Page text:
Great Reading River Series brings poet to campus


Mohammed Islam

Crystal Spring Gibbins signs her book “Now/Here” during a meet and greet with students after finishing a reading session at the Darrell W. Krueger Library on Thursday, Oct. 3.

Hannah Hippensteel, Features Reporter

Crystal Spring Gibbins presented poems from her most recent book “Now/Here” on Thursday, Oct. 3 as part of the John S. Lucas Great Reading River Series.

Gibbins presented in Professor James Armstrong’s poetry writing class, as well as a public reading in the library’s Athenaeum space.

Her presentation for Armstrong’s class left her feeling energized and ready for her larger presentation.

“Students [in Armstrong’s class] had really good questions. They also wrote poems that imitated ones from my book,” Gibbins said.

She said she experienced a tinge of nervousness when she thought about the reading series, but she was excited to share more poems.

“It’s all about gauging the audience and picking which poems to read to see how well it will be received,” Gibbins said.

She began her reading with an autobiographical poem titled “1997: Baudette, MN”, which she described as a list of things that happened to her during that year.

She went into a poem titled “Blizzards 1996-1997” that she said was inspired by Patricia Smith’s hurricane poem from her book “Blood Dazzler”.

Gibbins then looped back to a poem that she wrote for Armstrong’s advanced poetry writing class called “Touring the Natural History Museum.”

While she has spent many years writing poetry, geology was her initial focus. She was required to take a writing course that was more expository-based writing during her undergraduate years. That class, according to Gibbins, changed her whole career outlook.

“Writers and poets play an important, meaningful role in considering and determining the ways we shape the world and create awareness,” Gibbins said.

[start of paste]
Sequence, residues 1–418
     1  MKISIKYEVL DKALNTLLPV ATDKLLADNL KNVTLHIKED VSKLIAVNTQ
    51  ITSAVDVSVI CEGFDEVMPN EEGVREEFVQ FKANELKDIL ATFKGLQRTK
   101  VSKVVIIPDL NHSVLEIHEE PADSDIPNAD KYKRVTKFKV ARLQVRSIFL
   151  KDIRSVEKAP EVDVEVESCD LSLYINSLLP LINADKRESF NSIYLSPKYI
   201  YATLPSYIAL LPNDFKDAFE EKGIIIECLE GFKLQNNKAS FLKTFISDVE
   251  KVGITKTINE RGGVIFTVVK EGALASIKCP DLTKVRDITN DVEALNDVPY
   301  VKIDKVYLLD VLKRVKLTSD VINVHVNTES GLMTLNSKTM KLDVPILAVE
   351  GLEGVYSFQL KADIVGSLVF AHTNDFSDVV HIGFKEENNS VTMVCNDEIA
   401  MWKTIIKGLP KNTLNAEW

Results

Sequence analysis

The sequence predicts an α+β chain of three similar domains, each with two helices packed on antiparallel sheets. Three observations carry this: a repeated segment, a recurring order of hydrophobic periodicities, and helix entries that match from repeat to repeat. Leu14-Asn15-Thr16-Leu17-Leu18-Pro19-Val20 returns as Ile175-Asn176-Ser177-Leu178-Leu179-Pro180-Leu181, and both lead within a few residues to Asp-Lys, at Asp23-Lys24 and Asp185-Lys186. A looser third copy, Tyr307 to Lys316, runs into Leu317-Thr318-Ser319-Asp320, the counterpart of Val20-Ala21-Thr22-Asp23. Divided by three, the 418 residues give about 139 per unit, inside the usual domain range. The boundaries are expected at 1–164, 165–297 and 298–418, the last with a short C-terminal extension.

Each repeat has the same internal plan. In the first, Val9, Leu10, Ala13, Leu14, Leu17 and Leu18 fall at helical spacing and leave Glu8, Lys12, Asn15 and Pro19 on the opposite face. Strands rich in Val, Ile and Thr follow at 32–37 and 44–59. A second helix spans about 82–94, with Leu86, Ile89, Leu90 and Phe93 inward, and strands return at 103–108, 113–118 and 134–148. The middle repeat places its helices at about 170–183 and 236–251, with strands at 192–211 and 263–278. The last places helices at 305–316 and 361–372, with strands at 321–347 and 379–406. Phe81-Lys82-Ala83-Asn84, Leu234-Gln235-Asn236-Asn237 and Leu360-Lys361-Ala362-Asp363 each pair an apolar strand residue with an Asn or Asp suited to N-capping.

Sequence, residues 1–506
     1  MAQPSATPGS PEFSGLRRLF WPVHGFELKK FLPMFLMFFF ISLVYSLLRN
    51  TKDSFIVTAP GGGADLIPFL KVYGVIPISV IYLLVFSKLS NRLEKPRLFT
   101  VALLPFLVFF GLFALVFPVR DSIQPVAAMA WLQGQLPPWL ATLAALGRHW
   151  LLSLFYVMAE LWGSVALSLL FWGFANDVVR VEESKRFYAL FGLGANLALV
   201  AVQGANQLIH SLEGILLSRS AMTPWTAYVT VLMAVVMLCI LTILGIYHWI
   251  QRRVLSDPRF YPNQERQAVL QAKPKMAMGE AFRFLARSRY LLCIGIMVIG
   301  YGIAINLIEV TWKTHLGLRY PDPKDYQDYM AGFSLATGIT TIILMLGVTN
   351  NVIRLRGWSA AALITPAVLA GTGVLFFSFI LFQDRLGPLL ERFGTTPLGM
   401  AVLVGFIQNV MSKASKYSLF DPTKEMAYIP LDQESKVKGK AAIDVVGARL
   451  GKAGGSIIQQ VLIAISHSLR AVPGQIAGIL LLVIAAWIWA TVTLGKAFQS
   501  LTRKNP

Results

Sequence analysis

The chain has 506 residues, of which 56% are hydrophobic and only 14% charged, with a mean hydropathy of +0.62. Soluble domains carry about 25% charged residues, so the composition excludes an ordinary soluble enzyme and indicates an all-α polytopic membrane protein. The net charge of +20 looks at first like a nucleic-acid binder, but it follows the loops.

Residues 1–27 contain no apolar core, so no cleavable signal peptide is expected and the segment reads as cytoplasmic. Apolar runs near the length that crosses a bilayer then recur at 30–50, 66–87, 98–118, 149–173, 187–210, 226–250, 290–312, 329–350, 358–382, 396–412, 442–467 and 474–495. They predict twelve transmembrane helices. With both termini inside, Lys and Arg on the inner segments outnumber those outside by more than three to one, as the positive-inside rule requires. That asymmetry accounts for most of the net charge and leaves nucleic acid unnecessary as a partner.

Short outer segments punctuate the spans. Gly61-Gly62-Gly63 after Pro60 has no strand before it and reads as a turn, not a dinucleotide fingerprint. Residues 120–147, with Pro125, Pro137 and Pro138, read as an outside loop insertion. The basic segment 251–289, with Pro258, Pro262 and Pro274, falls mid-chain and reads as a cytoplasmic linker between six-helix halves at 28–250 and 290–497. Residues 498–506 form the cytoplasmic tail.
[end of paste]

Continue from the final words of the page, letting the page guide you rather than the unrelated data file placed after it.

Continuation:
Her inspiration is drawn from her love of the outdoors and nostalgia-filled places, as well as environmental issues and current events. Writing poetry for Gibbins is about personal reflections and a cathartic way to find her purpose in the world.

Although choosing a favorite piece of work can be challenging for any writer, Gibbins said that the poem “Driving North” was one she her audiences could connect with the most. The poem is about Gibbins’ drives home that give her time to recharge and find solace.

Megan Martin attended the reading from Elizabeth Oness’s creative writing class and enjoyed Gibbins’ themes of environmental awareness and nostalgia.

“I feel grounded in nature, and her poems helped with my appreciation for it.” Martin said.

She connected with Gibbins’ ideas that coming home after having time for personal growth allows people to miss where they’re from.

As for Jacelyn Schley, a junior in Armstrong’s poetry class, she found Gibbins’ reading to be helpful for her own work.

“Writing poems that were inspired by Gibbins was helpful because she’s established as a poet and she’s modern,” Schley said.

The next speaker from the John S. Lucas Great Reading River series will be Professor Laura Jean Baker Oct. 21.